In CIP Construction Company v. Western Surety Company, a Maryland federal court stayed a contractor’s performance bond lawsuit pending arbitration between the contractor and subcontractor. The subcontract contained an arbitration agreement that applied to “a dispute between the parties,” i.e., the contractor and subcontractor. The subcontractor’s performance bond incorporated the subcontract by reference, but also stated that a bond claimant “may” bring a lawsuit on the bond in court. The subcontractor filed an arbitration demand against the contractor, and while that action was pending, the contractor filed a complaint against the performance bond surety (and not the subcontractor) in court pursuant to the payment bond disputes clause.
The surety moved to dismiss or stay the lawsuit pursuant to the arbitration clause in the subcontract, claiming that the performance bond claim was also subject to arbitration. The court refused to dismiss the case, holding that the subcontract arbitration agreement did not divest the court of jurisdiction over the bond claim. The subcontract arbitration clause was narrow and expressly applied to the parties to that agreement, and the performance bond disputes clause clearly contemplated a lawsuit in court. Nevertheless, the court stayed the case because the surety represented that its liability on the bond was contingent on the determination of the subcontractor’s liability in the arbitration. Thus, the court reasoned that the interests of judicial economy and avoiding inconsistent results weighed heavily in favor of a stay.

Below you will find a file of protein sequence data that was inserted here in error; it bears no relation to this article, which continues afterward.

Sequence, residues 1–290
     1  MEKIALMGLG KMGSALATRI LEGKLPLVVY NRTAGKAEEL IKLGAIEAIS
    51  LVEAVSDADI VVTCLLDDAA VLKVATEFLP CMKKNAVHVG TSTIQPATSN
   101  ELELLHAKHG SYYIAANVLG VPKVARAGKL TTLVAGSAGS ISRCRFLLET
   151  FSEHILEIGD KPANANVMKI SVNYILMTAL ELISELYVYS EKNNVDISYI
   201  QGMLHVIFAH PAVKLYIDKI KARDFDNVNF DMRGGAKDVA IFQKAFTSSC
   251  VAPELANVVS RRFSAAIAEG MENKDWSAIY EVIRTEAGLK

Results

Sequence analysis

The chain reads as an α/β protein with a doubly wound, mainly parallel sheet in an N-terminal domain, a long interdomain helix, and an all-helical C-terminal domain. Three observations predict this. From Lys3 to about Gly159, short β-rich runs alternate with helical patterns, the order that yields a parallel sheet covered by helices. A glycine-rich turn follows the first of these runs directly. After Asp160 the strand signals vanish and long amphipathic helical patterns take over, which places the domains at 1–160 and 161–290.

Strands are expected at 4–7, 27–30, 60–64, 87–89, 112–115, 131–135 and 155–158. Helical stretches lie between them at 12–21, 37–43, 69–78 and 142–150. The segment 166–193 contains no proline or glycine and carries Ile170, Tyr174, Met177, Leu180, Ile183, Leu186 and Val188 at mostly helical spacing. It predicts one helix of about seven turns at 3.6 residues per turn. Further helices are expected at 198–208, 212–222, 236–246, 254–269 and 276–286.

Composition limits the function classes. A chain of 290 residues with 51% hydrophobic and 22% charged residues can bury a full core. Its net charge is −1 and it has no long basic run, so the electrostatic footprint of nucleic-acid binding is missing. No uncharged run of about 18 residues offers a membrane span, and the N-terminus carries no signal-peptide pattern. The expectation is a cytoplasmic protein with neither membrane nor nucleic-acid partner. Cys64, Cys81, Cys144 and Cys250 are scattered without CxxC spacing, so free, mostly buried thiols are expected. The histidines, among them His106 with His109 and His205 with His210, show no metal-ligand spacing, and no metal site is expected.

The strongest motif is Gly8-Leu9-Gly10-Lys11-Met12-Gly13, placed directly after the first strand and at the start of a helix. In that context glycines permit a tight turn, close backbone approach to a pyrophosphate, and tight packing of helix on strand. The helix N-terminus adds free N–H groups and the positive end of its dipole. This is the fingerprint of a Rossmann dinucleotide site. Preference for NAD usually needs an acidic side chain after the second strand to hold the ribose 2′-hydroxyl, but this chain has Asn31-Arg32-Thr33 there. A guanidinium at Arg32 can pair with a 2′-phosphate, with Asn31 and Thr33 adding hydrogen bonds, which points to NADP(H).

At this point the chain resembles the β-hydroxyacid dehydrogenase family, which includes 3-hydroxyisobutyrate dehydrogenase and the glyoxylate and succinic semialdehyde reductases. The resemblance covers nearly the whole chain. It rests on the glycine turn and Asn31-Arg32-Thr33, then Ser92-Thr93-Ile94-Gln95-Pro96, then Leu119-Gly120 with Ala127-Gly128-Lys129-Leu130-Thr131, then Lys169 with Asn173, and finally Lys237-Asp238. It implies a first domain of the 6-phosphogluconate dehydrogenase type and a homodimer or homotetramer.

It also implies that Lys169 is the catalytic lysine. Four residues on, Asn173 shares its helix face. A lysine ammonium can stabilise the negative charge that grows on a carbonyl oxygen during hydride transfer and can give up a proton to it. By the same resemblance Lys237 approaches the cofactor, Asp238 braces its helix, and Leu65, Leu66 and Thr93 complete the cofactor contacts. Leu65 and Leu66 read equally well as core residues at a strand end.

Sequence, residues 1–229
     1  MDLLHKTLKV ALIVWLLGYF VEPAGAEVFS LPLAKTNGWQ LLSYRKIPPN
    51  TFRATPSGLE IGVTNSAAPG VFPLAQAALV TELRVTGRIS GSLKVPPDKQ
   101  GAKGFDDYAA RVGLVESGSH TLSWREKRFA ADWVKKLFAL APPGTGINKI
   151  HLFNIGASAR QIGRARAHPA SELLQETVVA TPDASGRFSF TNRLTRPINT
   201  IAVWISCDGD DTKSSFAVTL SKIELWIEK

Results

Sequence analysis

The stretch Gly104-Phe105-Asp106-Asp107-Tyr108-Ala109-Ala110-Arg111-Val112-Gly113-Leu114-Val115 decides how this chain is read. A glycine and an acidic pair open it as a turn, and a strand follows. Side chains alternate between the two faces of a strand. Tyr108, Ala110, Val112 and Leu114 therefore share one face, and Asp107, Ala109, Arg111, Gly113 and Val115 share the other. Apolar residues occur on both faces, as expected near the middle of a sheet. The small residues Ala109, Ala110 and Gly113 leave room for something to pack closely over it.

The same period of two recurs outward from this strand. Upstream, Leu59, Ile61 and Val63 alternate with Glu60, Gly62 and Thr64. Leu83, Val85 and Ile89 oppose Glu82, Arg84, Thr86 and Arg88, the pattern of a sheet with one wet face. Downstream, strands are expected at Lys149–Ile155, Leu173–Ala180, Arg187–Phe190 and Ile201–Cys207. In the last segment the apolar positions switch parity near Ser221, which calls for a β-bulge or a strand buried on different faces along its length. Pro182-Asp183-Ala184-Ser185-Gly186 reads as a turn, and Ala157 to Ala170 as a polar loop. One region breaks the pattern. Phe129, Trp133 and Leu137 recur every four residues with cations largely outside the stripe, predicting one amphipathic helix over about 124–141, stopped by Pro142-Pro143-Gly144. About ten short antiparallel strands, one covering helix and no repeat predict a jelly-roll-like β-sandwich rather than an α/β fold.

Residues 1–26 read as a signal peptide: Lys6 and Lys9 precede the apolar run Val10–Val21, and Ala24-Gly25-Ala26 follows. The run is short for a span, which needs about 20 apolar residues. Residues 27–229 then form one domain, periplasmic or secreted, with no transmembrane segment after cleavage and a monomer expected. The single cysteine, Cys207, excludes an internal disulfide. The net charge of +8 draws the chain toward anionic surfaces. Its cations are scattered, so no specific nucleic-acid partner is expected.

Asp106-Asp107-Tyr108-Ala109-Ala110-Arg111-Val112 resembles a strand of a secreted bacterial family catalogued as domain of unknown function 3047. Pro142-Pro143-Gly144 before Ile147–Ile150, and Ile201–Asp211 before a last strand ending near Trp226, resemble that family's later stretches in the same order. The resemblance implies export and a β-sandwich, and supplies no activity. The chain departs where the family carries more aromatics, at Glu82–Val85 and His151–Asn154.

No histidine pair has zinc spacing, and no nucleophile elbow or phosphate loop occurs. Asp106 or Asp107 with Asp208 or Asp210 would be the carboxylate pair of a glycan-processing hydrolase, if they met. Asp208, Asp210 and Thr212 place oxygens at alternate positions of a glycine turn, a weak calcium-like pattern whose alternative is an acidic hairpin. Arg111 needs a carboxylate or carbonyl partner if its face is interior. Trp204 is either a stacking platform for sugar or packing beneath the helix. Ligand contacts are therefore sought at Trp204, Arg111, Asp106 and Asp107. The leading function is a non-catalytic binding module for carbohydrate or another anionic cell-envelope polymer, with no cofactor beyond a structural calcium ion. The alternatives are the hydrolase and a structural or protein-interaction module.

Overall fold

The CIP court’s discretionary stay – which is consistent with other federal courts’ decisions in similar cases – demonstrates that courts consider the language of contracts and bonds, as well as the practical implications of each dispute resolution mechanism. When a subcontract contains an arbitration agreement, contractors should be mindful that courts may place a bond claim lawsuit on hold in order to determine the parties’ liability in arbitration.